PAT GRAHAM, AP Sports Writer
BEIJING (AP) — No matter how many hurdles Aries Merritt clears this week at the world championships, he knows there’s an even bigger one waiting for him in a few days back at home — a kidney transplant.
That’s why the Olympic 110-meter hurdles champion and world-record holder is treating each race this week as if it might be his last. With his kidney function less than 20 percent, Merritt will have surgery on Sept. 1 — four days after the final in his event. His sister, LaToya Hubbard, is donating one of her kidneys.
Through all of this, Merritt is trying to keep his focus on the obstacles in his lane, not the pending one. So far, he’s off to a fast start, winning his heat Wednesday and turning in the second-best time, just .10 seconds behind teammate David Oliver.
“It’s very scary. It’s a surgery,” Merritt said. “In actuality, this could potentially be my last time competing, if things don’t go smoothly. In the back of my mind, I’m thinking of that.
“For right now, though, I’m thinking about the championships. One race at a time.”
Merritt first began to feel sick after the 2013 world championships, he told the IAAF in a profile piece for its website. That’s when he was informed by doctors he had a rare genetic disorder and spent from October 2013 to late April 2014 in the hospital.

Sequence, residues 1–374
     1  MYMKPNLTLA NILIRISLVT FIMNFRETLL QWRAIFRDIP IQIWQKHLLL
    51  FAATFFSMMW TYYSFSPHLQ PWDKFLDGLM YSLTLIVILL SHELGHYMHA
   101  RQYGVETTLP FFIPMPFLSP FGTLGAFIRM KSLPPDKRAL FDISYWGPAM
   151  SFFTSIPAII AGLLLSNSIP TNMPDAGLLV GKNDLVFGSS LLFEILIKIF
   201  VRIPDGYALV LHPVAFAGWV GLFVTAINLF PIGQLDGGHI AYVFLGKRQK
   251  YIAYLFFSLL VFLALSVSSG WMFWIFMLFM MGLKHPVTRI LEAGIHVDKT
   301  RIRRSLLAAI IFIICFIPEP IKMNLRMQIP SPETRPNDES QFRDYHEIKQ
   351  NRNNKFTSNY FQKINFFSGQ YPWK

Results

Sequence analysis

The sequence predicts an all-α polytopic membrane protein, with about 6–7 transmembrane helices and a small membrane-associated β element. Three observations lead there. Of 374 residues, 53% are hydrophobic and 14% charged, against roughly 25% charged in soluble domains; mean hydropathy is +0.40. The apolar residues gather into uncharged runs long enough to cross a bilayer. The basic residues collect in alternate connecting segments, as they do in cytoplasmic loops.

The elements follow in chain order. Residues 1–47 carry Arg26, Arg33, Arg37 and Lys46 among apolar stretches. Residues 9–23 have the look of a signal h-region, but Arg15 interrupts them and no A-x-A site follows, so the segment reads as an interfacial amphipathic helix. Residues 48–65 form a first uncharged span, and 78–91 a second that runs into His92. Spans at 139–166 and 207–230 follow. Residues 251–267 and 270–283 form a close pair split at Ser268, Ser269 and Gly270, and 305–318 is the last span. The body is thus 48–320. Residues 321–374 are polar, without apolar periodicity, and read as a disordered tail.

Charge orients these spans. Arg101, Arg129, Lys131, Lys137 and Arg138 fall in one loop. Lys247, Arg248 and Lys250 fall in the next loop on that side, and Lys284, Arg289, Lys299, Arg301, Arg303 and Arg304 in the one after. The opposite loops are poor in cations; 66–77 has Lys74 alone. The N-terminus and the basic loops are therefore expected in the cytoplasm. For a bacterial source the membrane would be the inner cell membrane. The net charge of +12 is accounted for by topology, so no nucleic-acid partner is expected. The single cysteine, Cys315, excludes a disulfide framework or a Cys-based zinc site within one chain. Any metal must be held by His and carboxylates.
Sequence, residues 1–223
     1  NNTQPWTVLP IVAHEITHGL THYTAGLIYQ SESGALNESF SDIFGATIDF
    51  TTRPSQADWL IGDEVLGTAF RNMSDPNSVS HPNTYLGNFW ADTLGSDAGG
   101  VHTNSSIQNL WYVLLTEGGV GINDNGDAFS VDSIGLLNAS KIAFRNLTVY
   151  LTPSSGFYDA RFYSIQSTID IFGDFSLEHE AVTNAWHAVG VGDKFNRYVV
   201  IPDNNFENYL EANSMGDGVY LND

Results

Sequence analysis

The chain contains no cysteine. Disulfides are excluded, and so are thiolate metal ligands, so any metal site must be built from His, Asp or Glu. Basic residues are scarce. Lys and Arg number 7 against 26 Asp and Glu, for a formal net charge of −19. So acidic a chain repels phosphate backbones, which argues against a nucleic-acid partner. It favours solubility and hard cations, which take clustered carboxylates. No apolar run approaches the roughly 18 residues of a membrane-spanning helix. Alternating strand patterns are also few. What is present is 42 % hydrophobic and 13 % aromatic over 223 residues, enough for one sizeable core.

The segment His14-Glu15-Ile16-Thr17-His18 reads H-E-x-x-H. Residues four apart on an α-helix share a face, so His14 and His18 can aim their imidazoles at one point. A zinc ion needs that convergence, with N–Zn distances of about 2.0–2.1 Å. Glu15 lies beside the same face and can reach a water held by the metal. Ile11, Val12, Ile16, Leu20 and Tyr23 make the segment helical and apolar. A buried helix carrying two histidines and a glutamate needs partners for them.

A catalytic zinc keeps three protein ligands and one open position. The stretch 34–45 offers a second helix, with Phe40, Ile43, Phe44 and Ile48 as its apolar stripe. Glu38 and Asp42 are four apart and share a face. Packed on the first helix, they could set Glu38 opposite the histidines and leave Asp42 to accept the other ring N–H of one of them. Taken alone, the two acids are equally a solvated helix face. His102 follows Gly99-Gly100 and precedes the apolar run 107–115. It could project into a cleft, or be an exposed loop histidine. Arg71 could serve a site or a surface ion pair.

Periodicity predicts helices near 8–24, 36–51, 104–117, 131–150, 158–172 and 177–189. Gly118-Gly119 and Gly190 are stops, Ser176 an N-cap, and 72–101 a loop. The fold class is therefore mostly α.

Because of his illness, Merritt hasn’t been able to eat properly. His weight is down considerably since he captured gold at the 2012 London Olympics and set the world record of 12.80 seconds.
“There’s just a lot that goes into having a kidney disorder,” Merritt explained. “You’re tired and you’re not at 100 percent energy.”
Despite his health condition, he insisted he’s not here simply to race, but to win.
“In my heart of hearts, I think I can come out with some hardware,” he said. “All I know is I’d hate to be home, sitting in bed, thinking that I’m about to have surgery, that I’m so nervous. The championships are helping me get through this, helping me not focus on the procedure.”
Merritt will have surgery in Phoenix. His sister is already there, awaiting his return.
“She’s going to give me life,” Merritt said. “This is all very stressful, but here I am anyway.”
Merritt is holding out hope that he may be back on his feet in no time and envisions being in the starting blocks at the Olympics next year in Rio de Janeiro to defend his title.
“To be able to run for my own mental sanity is very rewarding,” Merritt said. “I’m focusing on these championships to not think about the transplant. After the championships are done, then I’ll focus on it.”
This story has been corrected to reflect that Merritt will have surgery four days after the 110-meter hurdles final, not three days.
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